For years, in public opinion polls, people have tended to blame health insurers for premium increases and problems with their coverage. However, America’s Health Insurance Plans, the trade association representing payers providing health benefits for more than 200 million Americans, says it now wants to put consumers at the center of healthcare.

“We wouldn’t have had as an industry these conversations just a few years ago,” said Mark Ganz, AHIP chairman of the board during the opening session June 12 of AHIP’s Institute 2014 in Seattle. “My hope is that 10 years from now consumers will view our industry in a very different way. We’ll be recognized for what we always have striven to be—not a necessary evil but as a trusted partner.”   

Critics of the health insurance industry have long charged that insurers offer inferior plans that leave people vulnerable when they get sick. For decades, payers have had the reputation of refusing to cover cancer survivors and kicking people off their policies after an accident, pregnancy or serious illness-- just when they needed coverage most.

Now, these companies are trying to reverse negative public perceptions that they are only looking out for their own financial bottom lines, putting profits above peoples’ health.

“We as an industry—this great industry that we are part of—have the opportunity to play a meaningful role within a person’s life from the day they are born, or even before they are born, until the day they die,” said Ganz. “We come into this world cherished and we should leave feeling the same way. The focus should be on improving quality of life for the patient and their family, not just extending it, ensuring their needs and values are listened to and understood and allowing people to live with dignity and a sense of control, especially when facing a serious illness.”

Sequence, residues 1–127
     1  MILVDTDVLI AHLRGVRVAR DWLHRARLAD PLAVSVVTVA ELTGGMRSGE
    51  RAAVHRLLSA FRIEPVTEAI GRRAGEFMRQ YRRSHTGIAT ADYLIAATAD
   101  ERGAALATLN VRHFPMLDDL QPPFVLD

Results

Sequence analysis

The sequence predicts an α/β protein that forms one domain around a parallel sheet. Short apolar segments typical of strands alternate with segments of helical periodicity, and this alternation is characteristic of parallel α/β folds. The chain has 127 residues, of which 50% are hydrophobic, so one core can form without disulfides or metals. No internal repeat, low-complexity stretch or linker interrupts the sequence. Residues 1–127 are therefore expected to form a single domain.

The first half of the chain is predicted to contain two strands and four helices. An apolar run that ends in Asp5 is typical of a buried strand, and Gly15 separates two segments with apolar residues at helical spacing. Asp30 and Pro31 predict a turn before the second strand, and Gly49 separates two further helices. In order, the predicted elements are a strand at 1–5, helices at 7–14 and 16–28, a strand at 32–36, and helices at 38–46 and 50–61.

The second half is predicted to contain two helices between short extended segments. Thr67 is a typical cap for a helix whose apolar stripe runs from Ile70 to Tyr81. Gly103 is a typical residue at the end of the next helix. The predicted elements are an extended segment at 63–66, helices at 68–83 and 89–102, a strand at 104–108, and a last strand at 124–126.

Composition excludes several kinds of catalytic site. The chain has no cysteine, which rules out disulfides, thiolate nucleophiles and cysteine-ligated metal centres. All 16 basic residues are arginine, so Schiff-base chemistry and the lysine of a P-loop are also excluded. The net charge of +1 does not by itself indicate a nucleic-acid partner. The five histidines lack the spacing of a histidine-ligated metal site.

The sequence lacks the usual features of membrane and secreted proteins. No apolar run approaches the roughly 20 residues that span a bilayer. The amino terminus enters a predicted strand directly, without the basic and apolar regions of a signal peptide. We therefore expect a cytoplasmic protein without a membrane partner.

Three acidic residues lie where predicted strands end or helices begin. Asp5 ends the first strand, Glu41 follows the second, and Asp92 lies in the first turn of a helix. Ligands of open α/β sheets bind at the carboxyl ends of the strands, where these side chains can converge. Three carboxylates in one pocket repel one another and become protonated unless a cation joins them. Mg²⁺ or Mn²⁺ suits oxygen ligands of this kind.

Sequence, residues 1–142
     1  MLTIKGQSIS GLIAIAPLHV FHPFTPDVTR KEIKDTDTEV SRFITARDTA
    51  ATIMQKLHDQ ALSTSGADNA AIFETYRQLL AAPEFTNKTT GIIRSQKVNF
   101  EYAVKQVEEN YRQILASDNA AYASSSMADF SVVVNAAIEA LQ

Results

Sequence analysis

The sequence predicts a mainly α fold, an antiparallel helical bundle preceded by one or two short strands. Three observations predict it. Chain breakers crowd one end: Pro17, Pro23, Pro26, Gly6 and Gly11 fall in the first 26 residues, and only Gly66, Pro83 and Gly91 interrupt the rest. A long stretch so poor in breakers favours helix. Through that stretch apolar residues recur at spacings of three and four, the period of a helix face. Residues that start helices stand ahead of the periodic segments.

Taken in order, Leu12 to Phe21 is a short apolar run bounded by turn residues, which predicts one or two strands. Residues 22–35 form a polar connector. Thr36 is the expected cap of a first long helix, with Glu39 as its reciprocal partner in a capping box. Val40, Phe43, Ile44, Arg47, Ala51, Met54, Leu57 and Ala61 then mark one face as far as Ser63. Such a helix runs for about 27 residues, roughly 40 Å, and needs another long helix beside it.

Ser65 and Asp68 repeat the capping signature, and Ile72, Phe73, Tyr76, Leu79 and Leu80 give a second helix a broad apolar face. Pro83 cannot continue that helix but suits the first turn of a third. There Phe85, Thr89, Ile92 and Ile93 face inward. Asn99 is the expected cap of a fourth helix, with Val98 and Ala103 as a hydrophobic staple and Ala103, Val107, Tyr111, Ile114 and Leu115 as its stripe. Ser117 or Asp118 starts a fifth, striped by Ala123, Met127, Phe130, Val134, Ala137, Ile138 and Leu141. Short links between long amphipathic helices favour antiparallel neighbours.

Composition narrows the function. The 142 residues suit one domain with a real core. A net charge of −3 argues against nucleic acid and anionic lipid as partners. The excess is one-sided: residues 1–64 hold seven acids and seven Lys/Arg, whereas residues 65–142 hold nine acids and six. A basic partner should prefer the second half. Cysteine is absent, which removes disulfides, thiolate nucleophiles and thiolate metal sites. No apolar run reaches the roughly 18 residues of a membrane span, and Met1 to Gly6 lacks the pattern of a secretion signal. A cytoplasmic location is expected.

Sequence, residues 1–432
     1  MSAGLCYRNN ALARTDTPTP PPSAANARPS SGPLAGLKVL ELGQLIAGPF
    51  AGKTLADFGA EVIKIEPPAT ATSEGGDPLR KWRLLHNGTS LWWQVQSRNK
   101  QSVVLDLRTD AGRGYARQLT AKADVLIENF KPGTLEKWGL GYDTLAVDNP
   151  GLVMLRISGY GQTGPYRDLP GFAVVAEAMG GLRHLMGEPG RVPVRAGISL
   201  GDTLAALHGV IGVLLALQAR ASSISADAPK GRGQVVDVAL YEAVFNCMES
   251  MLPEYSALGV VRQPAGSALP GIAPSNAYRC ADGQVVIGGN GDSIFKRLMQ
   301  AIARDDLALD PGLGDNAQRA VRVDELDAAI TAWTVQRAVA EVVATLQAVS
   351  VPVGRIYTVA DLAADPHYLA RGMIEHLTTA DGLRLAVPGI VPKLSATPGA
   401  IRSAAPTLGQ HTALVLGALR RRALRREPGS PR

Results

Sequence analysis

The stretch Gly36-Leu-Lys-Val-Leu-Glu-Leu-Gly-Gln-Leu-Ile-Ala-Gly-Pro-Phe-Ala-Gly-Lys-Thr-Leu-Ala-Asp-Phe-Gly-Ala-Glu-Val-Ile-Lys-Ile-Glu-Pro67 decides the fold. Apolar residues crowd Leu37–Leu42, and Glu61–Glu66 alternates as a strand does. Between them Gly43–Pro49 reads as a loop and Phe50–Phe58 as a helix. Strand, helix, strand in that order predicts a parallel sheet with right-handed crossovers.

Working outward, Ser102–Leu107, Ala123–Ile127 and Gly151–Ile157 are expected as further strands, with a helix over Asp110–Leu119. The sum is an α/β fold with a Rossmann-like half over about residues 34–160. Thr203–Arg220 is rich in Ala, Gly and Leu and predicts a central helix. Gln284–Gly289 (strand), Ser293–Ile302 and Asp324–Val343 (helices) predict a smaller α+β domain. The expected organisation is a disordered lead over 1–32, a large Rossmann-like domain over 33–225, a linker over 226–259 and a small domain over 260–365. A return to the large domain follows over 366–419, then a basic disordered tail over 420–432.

Towards that end, AHIP’s member health plans have developed and are launching what Ganz called the industry’s most comprehensive and integrated palliative care benefits program—a “holistic system of serious illness care and services.” For AHIP, he said that this program is “not about return on investment, it’s about return on humanity” by creating advanced illness care that “truly honors patients’ wishes first and always.”

AHIP announced June 11 at Institute 2014 new services for health consumers including a lower-premium catastrophic plan in the event of a serious illness or injury, guidelines to ensure continuity of care during transition periods, and greater transparency related to benefits and coverage options. For instance, health plans would support continuity of care for specific transition periods: 30 days for individuals undergoing an active course of treatment, such as radiation therapy or chemotherapy, for a serious or terminal illness; and for mothers in their second or third trimesters of pregnancy, to include at least six weeks post-partum care.

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